are large and meant to be used by many people at once. Here in Nebraska we have a replica of Stonehenge called Carhenge (, and when I ask my students about monuments that can be used as calendars there is at least one student in each class who has made the trek to see this car-based version of Stonehenge. The second most popular is Chichen Itza’s serpent shadow, but that is because it was mentioned in social studies. After they are familiarized with the different types of calendars, I present them with the rubric for this project. You will have some students model a massive variety, from 3-day weeks (more weekend time per year) to 10-day weeks (12 months with three weeks each and a 5-day holiday at the end of the year). Some will explore 3-dimensional representations, such as a solar calendar on the equator that looks like the Sun Dagger. Another student was very interested in how the sun rises at specific locations at Stonehenge and decided to move it to the equator and make heelstone a large grooved stone in the center. Both of these animations were collaborations with the students after they built physical models; the Sun Dagger was made of toast and Nutella® so it did not hold up well. I

Use each three letter group once per blank to spell the name of a category and some of it!s members.

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by Adam Thanz

December 2012 Planetarian

(Answers on page xx)


IMERSA News Judith Rubin Communications Director,

AAM’s big tent We visited Orlando in November for the IAAPA Expo and attended Museum & Science Center Day. IAAPA (International Association of Amusement Parks and Attractions) has long hosted the largest trade event for the attractions industry, and in the past 10 years has expanded its reach beyond the realm of parks into educational attractions and museums. A Zoo & Aquarium Day is also part of the program. This year’s Museum & Science Center Day had a completely full house. Among the attendees were designers, architects, media producers, economic analysts, event producers, exhibit fabricators, museum operators and theme park operators. The opening address was from Ford Bell, president of the American Alliance of Museums (AAM). The organization recently changed its name, swapping out Association for Alliance. Why? Bell explained that the terminology change signaled a change in the structure of the organization, retooling itself to spread a “bigger tent,” be more inclusive. The intention is not just to add more members, but to deepen relationships with other groups having similar interests and magnify the visibility and lobbying power in the face of shrunken federal assistance.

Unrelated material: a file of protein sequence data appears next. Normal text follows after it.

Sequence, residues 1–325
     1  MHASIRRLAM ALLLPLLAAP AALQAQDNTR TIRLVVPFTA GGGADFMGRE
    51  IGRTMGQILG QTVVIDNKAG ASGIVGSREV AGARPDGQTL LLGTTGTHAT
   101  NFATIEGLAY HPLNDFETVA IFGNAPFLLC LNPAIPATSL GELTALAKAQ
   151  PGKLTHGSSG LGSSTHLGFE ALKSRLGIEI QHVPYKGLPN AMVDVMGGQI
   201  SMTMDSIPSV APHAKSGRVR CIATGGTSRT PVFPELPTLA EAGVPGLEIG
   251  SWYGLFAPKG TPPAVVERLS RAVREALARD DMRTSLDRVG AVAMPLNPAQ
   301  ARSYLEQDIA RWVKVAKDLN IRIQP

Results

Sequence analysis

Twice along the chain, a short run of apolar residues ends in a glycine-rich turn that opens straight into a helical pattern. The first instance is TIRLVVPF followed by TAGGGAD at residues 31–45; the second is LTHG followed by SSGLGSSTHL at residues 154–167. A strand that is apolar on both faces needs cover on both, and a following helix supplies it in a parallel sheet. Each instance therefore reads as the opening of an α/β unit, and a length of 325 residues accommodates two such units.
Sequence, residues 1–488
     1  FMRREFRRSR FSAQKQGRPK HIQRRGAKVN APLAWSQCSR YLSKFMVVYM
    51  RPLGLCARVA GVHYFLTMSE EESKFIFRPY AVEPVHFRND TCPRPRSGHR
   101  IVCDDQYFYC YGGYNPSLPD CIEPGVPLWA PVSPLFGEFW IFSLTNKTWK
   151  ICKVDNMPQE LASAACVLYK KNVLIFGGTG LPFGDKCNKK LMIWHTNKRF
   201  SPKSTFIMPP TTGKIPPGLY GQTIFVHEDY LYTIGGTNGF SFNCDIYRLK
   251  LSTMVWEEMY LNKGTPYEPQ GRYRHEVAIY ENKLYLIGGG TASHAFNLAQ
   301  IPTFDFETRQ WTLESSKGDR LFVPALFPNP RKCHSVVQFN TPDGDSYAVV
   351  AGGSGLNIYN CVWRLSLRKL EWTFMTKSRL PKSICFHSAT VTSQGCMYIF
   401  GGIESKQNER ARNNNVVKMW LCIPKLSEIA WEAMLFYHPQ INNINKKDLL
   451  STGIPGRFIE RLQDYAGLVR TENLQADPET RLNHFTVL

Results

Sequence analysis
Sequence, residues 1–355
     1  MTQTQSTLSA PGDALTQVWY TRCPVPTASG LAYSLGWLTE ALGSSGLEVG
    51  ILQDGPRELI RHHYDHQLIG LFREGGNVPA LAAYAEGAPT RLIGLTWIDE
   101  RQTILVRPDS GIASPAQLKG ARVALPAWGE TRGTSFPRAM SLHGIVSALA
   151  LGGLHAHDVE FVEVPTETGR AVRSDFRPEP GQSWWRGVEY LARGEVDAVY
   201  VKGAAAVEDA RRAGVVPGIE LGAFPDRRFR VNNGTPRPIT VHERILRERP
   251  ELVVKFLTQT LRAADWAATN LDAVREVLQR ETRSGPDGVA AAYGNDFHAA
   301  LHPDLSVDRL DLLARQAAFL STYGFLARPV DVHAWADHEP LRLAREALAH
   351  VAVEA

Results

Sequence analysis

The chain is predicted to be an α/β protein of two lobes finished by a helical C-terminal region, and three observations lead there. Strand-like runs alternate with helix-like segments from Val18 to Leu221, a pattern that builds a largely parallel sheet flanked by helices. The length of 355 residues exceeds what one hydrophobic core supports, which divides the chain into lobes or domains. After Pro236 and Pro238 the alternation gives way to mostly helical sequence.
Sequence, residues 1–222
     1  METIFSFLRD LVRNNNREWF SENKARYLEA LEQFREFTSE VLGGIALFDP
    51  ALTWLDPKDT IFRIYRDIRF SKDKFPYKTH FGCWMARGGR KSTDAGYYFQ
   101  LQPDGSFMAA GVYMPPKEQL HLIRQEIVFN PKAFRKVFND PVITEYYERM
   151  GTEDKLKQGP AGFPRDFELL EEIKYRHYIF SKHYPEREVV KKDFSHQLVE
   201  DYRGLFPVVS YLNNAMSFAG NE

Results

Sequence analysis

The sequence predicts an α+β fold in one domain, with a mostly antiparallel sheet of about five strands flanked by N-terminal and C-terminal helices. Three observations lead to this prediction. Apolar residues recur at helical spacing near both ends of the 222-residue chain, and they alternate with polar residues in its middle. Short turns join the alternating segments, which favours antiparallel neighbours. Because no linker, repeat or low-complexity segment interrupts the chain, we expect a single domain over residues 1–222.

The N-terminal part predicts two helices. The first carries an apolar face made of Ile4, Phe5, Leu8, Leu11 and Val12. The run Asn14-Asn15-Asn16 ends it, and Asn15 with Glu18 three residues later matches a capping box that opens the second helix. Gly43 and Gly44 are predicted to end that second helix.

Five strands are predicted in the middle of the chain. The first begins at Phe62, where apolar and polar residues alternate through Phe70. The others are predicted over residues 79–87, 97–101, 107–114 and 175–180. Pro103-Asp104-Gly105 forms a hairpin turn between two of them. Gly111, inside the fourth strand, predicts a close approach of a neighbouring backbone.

Measurements In a subsequent session, John Robinett of AECOM, which has done numerous attendance studies for museums and cultural institutions, showed ways to obtain meaningful statistics that can be used to make peer comparisons and examine such things as the differing behavior patterns of residential markets to tourist markets, the ratio of visitation to exhibit square footage, the operations cost per square foot (most museums come in about $80-$100 per square foot) and evaluate admission prices. Robinett’s fundamental graph showed the declining attendance curve of the museum that fails to reinvest on a regular basis—he maintains that museums should follow the practice of successful theme parks by reinvesting yearly and taking a close look at how to maximize earned income (“retail performance is a missed opportunity for a lot of museums”), enhance the perceived value to the visitor and increase per-capita spending.